Many find pugilism an ideal workout
Women embrace the sweet science
April 13, 2005
used to say a woman's place was in the kitchen. Say that now and some
women might knock your block off. That's because, more and more, a woman's
place in 2005 is in the boxing ring.
Whether it's for conditioning or for battle, the sport that has been known as the sport of kings is now an intense pastime for women. And the number of female boxers, especially here in Canada, is growing.
There are more than 600 registered female boxers in the country. With the success of the Oscar-winning film, Million Dollar Baby, female boxing has never had so much appeal.
Mississauga women are going head-over-heels for the sport. There are more than 250 women in the city who lace up the gloves at various fitness clubs. The hot spots for women boxers include Fuel Fitness, Kombat Arts, Huron Park Fitness and HUF Fitness.
On an average day there could be 20 to 30 women in each class at these gyms, either training for bouts or just keeping fit.
Former boxer Andy Dumas, who is currently a trainer at Huron Park Fitness, a public community centre, boxing is now a battle of the sexes.
"It's something that has always been considered a man's domain," said Dumas. "The popularity with boxing among women is on the rise over the last 8 to 10 years. It's phenomenal and I think it's going to get bigger and bigger."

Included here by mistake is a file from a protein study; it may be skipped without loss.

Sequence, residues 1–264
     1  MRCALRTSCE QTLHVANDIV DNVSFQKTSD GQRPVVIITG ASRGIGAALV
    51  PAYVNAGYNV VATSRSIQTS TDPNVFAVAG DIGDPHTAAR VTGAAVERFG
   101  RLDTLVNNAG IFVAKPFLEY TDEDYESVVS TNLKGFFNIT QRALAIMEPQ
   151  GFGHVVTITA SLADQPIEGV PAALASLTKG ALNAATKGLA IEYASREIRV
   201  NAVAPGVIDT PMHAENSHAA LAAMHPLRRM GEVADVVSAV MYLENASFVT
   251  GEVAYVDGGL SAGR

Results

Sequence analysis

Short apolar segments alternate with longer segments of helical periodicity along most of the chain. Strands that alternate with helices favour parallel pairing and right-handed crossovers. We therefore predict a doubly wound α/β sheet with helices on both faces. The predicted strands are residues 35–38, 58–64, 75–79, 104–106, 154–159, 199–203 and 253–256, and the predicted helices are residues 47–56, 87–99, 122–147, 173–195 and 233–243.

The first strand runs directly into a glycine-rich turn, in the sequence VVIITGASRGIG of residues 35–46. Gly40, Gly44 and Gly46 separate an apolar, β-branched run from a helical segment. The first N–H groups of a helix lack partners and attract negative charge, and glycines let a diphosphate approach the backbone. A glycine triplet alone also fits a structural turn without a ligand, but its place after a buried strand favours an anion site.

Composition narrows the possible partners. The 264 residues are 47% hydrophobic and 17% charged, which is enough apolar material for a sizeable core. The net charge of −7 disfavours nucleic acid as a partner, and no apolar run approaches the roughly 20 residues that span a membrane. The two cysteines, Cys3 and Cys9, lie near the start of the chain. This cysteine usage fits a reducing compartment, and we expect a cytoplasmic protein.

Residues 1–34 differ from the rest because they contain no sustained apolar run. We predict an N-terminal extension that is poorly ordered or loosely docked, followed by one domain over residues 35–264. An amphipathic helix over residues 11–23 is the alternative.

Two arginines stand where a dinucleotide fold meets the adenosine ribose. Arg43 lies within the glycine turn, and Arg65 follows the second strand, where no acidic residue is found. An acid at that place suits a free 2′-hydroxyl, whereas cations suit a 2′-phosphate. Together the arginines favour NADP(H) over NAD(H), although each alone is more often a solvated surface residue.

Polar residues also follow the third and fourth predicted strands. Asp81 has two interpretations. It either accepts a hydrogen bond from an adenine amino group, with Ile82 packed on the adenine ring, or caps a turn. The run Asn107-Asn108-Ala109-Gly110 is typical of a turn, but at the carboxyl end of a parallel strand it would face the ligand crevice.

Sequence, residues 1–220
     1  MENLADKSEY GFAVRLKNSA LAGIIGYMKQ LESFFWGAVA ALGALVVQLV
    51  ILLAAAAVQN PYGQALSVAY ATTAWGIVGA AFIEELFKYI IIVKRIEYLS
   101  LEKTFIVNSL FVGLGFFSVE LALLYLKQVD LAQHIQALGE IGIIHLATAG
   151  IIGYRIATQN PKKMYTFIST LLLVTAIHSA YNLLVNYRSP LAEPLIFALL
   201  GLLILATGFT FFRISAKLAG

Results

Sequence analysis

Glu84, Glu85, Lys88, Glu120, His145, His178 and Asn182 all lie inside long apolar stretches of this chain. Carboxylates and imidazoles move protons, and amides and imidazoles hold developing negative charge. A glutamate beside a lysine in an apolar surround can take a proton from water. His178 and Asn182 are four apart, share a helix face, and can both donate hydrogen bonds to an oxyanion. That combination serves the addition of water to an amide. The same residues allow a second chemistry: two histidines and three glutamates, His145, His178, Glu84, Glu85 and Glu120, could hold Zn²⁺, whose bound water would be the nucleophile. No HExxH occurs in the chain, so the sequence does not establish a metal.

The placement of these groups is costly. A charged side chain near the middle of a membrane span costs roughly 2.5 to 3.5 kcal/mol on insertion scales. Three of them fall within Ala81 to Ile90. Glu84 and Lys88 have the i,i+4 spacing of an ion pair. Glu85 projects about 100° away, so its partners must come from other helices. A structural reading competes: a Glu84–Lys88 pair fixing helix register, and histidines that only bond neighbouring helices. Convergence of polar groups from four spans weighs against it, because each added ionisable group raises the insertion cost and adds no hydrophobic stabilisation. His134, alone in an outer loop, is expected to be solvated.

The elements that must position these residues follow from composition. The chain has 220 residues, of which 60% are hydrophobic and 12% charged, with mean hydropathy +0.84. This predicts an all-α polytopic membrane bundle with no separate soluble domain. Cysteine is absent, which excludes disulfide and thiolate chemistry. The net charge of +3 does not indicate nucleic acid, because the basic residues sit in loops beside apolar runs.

For starters, boxing is the toughest workout possible for fitness-conscious women. According to Andy boxing is one of the best workouts.
"It's using every muscle in your body," he said. "You're learning a skill and, within 15 minutes, you'll have a good sweat going. The treadmill, the weights, while essential and effective, they still at times are less fun and boring."
For most females, boxing is seen only as an emotional release.
"For me it's the only means," said 19-year-old Marisa Anthony of Mississauga, who has been boxing for two years at Mississauga's Kombat Arts. "I don't like to get into fights with people, so I relieve my stress and anger in the ring,"
"It's the idea of getting to beat people up. For me it's also a way to keep out of trouble, to keep me focused on things. Also, it's the idea to accomplish something."
According to Anthony, to be prepared and stay focused, one must lay it all on the line. "When you're in the ring it's like life or death. So when you're training, it has to be a constant thing, you always have to be working. Whereas in a gym, you're not as motivated, because you're not getting your face bashed in."
Lisette Gonzalez, 22, of Brampton, who also trains at Kombat Arts, said, the fitness aspect is important, but the thought of self defense is another motivating factor.
"I do it (boxing) because it's a higher level of fitness and the ability to defend myself if the situation ever arose, then I would know what to do." Gonzalez who has been throwing punches for two years, said it's up to the individual to box for fitness or to compete.
"Boxing is a violent sport," said Gonzalez. "You can choose to fight and go into the ring and have bouts, or you can do it just as fitness and punch the bags. You don't have to get hit or hit someone else, to have a good workout."
Gonzalez said she will stick with boxing as a means of training and staying in great shape. "I've done the fighting...I had a fight, it wasn't for me. It's very violent, you have to be really willing to take the punches."
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